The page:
##COMSEC solutions organized an engaging list where the computer was used as a means to facilitate the following crimes:
● Drug trade
● Illegal telemarketing
● Fraud, especially false Intellectual property theft
● “True face” or ID theft and misrepresentation industrial and national
● Espionage, both Conventional terrorism, and crimes crime
● Electronic terrorism Electronic stalking
● Electronic harassment of ex-spouses
● Inventory of child
● Contract repudiation on the Internet Cannabis smuggling
● Date rape.
● Gang crimes, especially weapons violations
● Organized crime
● Armed robbery simulation
● Copycat crimes
● A Pyramid schemes
● DoS (denial of service) attacks Exposure or blackmail schemes
● Revenge and solicitation to the murder of spouses
● Hate crimes
● Web site defacement (automated)
Third, computers can be accidental to the offense, but still crucial for law enforcement purposes. For instance, several drug dealers store their records on computers, which brings up difficult forensic and evidentiary cases that are different from that of paper records.
Furthermore, a single computer could also be used in all three aspects. For example, a hacker might use his or her computer to gain unauthorized access to an Internet service provider (“target”) such as America Online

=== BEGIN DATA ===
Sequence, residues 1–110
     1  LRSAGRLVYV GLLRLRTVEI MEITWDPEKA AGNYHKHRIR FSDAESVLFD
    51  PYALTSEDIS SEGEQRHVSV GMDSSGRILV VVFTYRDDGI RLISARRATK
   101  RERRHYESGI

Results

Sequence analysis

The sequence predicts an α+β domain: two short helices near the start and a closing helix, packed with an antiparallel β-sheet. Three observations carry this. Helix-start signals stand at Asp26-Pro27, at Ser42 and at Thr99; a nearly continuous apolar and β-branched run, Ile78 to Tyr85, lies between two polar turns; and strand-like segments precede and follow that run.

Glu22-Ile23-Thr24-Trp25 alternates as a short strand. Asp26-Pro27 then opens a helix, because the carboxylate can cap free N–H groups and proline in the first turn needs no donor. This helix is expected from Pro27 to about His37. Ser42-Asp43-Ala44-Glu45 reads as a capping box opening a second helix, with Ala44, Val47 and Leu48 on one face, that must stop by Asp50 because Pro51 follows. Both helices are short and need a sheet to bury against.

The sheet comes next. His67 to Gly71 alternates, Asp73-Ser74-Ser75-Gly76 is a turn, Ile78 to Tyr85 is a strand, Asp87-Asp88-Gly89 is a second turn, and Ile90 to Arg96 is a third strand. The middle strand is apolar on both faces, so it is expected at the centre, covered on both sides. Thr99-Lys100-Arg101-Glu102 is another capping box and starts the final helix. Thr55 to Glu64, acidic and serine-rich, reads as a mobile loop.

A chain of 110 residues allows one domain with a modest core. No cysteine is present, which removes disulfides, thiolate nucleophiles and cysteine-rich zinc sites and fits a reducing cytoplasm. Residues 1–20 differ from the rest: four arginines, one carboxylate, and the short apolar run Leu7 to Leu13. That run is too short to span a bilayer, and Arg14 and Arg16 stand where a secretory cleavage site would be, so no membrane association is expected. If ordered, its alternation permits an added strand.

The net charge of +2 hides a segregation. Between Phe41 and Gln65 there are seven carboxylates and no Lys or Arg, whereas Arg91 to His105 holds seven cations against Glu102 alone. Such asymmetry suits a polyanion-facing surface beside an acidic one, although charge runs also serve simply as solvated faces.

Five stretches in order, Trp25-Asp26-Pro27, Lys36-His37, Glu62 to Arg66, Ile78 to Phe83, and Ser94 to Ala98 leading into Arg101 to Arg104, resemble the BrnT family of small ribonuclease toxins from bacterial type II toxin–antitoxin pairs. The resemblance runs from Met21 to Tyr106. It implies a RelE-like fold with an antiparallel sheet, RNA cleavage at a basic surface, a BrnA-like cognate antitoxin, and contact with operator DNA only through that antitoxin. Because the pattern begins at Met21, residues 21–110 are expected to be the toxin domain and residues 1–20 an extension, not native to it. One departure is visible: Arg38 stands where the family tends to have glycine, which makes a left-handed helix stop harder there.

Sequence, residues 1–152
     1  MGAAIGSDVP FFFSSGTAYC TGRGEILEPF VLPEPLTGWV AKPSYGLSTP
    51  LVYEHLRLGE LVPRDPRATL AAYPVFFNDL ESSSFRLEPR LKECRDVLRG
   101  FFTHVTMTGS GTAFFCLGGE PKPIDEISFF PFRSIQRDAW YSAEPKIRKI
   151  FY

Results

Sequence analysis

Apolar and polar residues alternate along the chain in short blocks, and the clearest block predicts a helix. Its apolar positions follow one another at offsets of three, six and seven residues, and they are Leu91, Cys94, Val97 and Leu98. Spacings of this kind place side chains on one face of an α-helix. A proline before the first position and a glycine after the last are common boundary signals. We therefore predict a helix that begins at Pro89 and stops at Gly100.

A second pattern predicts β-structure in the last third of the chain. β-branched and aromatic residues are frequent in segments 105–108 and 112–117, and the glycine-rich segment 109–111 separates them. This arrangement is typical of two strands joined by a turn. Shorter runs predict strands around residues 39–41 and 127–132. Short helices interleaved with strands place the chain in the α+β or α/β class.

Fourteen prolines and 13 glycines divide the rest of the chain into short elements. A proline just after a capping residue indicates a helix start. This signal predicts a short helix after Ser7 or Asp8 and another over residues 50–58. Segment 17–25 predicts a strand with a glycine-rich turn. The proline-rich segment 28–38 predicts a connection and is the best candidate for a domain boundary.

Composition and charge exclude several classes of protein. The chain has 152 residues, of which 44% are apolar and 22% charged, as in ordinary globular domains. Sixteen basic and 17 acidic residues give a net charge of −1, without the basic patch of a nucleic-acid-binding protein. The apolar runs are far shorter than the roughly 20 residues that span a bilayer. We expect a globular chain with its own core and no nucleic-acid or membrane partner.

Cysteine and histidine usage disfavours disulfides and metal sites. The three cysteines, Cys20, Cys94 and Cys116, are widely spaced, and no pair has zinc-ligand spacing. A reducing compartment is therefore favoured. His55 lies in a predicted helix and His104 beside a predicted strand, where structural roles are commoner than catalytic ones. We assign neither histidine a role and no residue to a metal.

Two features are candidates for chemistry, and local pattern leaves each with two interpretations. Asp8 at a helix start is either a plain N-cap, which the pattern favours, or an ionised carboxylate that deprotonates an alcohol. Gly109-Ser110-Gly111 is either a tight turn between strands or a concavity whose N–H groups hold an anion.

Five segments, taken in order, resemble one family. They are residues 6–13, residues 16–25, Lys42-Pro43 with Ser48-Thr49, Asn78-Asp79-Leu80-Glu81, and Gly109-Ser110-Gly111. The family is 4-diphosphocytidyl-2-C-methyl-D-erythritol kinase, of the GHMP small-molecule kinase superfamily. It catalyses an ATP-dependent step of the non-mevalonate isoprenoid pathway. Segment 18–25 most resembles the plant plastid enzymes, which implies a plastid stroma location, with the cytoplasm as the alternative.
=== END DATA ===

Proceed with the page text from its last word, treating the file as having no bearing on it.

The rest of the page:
And then obtain that access to illegally dispense(“tool”) copyrighted software stored on the ISP’s computer-network hard drive (“incidental”). COMSEC Solutions organized another engaging list where the computer was an incidental part of cybercrime.
These involved hacking, diddling, alteration data theft, and damage, mostly affecting financial or medical records, spreading viruses or malicious code, abuse of credit and also business data, theft of services, and finally, denial of service Internet service providers (ISPs) and some other large financial companies are not the only companies that should be worried about cybercrime.
How hackers can attack you?
Hackers may damage an individual directly or through the individual’s ISP by compromising the confidentiality and value of personal and financial data.
In another case, a hacker from Germany can gain full control of an ISP server in Miami and capture all the credit card information retained about the service’s subscribers.